The term duplex, on its own, refers to the capability to send and receive data. Duplex is often used when talking about conversations over a telephone or computer. A full-duplex Ethernet environment can use a pair of twisted cable for packet receiving and a pair of twisted cable for transmission.

Half-Duplex Devices

Half-duplex devices can only transmit in one direction at one time. So although data can move in two directions, it cannot be at the same time. Both devices are capable of transmitting and receiving so when one device is sending, the other is receiving. A pair of walkie-talkies is an example of this because communications are sent both ways but can only be transmitted one at a time.

Full-Duplex Devices

The term full-duplex describes simultaneous data transmission and receptions over one channel. A full-duplex device is capable of bi-directional network data transmissions at the same time. Where communication from both devices is required at all times, this mode is used. For example, telephone networks are made up of full-duplex devices to allow simultaneous transmitting and receiving.

Full/Half-Duplex Devices

In data communications, the full/half-duplex device allows users to choose either full or half-duplex modes. With half-or-full duplex devices, such as modems, a switch will be set to either full or half mode. The mode can be modified to correspond with each specific type of communication program. When set to a half-duplex system, connections alternate use of the communication channel and hardware can determine the time each data link in the system is allotted for transmissions.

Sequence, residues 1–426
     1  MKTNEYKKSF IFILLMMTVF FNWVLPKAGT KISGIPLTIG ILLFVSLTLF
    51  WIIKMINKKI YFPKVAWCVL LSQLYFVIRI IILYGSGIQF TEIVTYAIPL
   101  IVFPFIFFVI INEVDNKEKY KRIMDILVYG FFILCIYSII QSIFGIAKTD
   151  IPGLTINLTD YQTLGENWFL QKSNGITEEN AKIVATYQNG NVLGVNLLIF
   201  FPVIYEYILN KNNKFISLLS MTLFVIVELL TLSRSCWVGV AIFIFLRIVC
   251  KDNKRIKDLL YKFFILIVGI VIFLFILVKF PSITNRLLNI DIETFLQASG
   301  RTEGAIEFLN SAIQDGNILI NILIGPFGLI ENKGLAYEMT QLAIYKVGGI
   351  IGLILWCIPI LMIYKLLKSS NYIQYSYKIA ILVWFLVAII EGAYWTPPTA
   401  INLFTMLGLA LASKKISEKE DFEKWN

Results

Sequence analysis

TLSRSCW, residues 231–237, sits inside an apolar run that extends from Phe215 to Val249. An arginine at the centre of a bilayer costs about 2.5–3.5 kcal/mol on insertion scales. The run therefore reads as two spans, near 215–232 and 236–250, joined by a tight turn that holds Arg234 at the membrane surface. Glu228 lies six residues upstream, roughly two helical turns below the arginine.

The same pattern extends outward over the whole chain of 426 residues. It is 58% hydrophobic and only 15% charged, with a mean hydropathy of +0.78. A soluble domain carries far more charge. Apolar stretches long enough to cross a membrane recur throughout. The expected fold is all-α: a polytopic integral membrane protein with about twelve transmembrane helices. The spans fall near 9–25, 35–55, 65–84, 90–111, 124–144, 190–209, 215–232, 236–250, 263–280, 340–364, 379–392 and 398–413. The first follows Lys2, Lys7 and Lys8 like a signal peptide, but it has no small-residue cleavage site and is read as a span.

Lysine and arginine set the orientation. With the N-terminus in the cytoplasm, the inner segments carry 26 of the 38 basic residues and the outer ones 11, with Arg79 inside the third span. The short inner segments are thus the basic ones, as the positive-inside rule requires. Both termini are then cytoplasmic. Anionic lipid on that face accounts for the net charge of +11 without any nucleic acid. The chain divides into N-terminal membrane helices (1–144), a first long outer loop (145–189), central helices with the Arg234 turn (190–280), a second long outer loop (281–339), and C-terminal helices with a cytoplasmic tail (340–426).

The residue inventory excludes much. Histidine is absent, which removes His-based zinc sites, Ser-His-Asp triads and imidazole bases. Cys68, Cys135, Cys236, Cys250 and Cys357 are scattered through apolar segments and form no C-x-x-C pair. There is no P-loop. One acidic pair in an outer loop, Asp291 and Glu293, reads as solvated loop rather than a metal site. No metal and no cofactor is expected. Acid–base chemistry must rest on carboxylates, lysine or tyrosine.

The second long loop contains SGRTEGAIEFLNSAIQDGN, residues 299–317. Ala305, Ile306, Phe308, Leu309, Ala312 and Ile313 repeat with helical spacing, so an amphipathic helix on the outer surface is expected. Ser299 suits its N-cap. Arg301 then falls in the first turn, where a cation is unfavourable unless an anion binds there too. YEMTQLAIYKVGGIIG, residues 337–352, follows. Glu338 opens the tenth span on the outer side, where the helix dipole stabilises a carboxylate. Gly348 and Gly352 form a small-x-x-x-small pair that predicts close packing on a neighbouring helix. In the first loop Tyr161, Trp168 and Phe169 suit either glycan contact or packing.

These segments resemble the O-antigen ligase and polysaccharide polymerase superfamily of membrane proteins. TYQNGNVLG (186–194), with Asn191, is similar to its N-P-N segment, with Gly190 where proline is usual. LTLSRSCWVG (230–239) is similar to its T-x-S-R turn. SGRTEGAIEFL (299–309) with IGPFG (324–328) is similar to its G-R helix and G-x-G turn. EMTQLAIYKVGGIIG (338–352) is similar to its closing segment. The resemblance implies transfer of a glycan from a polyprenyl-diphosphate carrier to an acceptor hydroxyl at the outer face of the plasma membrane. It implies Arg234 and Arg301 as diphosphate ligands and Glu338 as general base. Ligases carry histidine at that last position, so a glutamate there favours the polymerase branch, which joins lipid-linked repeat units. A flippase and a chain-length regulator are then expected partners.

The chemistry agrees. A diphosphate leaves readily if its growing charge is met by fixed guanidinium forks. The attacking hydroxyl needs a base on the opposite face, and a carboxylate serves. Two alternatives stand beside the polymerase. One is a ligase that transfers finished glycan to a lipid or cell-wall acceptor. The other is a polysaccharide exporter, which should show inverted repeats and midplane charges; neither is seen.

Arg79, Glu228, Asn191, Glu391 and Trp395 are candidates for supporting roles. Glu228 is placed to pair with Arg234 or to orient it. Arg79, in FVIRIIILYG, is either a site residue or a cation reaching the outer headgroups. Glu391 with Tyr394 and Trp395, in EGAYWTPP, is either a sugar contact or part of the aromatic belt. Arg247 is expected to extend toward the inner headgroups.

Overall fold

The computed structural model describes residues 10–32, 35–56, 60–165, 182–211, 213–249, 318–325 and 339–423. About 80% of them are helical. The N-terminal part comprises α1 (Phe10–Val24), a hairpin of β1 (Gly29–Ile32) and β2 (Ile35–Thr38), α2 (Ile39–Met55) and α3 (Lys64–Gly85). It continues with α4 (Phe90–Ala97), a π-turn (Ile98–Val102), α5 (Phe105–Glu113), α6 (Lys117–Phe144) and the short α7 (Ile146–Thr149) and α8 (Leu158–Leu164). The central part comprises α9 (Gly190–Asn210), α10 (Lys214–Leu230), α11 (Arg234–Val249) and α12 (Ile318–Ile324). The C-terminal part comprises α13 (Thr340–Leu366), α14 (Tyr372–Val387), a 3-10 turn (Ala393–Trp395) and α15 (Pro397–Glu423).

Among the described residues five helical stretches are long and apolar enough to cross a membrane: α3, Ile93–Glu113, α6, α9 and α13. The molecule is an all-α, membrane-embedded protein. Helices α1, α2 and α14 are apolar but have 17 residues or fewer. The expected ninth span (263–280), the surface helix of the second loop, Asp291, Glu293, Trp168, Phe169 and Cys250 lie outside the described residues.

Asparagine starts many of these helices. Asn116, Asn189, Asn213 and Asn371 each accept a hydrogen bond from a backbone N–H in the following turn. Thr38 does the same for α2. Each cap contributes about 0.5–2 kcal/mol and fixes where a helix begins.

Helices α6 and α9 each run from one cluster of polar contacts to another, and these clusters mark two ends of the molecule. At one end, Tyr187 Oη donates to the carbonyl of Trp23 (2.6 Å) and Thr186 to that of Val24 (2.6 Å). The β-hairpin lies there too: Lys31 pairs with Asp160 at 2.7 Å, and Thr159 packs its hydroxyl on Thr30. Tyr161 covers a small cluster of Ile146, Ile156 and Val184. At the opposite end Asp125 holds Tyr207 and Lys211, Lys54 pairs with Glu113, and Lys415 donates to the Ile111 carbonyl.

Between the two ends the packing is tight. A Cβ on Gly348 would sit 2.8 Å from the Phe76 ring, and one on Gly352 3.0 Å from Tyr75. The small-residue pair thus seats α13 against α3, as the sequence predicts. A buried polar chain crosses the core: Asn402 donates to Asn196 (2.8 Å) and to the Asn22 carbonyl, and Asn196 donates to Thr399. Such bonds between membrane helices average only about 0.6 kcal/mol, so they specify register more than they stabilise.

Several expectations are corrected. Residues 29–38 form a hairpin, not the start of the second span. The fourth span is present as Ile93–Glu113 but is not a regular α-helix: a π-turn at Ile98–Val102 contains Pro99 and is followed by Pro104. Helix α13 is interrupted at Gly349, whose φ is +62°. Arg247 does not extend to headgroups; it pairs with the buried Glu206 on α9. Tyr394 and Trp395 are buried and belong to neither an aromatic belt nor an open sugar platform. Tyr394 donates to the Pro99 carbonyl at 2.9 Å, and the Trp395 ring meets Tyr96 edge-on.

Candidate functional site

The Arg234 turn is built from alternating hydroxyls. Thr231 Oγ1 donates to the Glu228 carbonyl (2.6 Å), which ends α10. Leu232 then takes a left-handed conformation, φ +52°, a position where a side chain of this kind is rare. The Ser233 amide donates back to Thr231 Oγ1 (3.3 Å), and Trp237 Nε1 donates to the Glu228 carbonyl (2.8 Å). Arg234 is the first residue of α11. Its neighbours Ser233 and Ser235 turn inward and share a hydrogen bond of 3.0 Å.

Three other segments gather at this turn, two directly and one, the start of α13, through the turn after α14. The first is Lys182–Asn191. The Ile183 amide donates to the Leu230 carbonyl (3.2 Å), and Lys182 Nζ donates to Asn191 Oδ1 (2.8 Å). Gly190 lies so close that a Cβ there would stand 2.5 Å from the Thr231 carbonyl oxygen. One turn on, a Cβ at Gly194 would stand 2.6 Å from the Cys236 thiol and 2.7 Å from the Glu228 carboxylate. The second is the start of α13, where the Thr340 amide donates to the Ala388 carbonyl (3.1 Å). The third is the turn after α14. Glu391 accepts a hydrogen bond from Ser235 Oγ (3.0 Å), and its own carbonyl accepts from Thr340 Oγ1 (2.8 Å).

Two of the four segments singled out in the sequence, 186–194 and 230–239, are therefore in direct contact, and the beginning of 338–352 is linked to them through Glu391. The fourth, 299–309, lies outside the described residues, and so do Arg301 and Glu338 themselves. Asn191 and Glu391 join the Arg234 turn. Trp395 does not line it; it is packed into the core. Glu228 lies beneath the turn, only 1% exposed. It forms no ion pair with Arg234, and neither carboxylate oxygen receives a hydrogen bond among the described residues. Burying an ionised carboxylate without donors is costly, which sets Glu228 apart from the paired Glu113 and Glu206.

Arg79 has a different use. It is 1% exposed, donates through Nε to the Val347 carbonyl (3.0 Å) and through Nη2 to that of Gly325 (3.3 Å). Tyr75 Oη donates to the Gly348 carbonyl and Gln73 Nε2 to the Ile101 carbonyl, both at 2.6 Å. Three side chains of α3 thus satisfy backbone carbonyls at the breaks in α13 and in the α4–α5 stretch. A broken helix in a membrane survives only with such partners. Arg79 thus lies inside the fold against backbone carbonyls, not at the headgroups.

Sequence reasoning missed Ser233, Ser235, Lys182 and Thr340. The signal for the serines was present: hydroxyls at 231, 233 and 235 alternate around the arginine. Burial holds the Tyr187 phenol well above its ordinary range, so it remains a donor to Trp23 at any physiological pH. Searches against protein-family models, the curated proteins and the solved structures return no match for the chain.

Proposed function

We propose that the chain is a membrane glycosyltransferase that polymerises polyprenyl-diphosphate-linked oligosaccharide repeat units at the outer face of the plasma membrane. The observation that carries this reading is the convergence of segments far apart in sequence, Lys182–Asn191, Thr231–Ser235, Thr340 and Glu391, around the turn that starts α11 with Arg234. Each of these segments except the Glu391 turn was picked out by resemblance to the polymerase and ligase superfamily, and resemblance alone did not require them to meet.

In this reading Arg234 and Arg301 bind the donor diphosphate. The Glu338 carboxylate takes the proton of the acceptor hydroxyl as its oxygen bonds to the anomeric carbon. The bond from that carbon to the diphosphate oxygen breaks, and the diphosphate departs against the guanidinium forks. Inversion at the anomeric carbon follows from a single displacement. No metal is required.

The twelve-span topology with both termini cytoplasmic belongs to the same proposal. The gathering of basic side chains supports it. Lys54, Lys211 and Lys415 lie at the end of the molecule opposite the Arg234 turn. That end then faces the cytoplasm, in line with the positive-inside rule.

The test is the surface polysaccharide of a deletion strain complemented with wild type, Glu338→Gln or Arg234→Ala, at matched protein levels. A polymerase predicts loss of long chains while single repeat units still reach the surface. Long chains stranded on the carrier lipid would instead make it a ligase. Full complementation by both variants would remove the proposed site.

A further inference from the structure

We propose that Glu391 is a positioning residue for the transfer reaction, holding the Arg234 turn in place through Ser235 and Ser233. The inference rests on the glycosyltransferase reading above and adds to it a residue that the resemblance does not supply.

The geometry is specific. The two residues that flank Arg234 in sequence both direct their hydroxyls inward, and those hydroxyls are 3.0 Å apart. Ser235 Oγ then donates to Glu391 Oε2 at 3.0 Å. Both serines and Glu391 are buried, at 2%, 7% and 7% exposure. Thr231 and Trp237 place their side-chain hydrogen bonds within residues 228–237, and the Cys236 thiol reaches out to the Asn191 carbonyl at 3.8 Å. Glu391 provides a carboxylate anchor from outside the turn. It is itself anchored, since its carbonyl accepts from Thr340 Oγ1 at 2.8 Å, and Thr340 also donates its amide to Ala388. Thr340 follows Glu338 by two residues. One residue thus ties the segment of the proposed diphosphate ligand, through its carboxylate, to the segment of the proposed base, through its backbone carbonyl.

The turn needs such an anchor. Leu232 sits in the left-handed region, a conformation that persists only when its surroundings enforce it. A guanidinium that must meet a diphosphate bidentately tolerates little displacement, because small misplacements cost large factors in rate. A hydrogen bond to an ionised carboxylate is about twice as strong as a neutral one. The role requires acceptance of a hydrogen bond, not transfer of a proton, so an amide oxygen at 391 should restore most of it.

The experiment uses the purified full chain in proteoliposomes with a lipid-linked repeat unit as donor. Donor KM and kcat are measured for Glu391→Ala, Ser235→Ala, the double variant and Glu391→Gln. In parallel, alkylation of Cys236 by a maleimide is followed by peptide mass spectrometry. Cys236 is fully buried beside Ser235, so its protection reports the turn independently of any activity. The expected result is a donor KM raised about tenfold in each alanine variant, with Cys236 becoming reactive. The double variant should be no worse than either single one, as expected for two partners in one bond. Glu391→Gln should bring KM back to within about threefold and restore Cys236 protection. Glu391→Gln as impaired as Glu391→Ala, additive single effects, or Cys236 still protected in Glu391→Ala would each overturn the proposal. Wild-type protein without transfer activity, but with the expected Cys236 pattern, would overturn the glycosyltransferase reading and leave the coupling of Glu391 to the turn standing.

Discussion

Differences Between Full and Half-Duplex Systems

There are distinct differences between full and half-duplex systems. With half-duplex mode, each transmitted character is immediately displayed on a monitor. If a device is operating in full-duplex mode, transmitted data does not appear on-screen until it is received and returned. Full-duplex Ethernet does save time when compared to half-duplex because it alleviates collisions and frame retransmissions. Sending and receiving are separate functions, creating a system where there is full data capacity in each direction. In contrast, half-duplex can be used to conserve bandwidth.




Bidirectional (one at a time)

Bidirectional (simultaneously) Unidirectional
Sender can send and receive data separately Sender can send and receive data at the same time

Data can only be sent

Used to conserve bandwidth when only single communication is needed Used when communication is required in both directions without any delay

When maximum bandwidth is required for the transmission and only one direction is required


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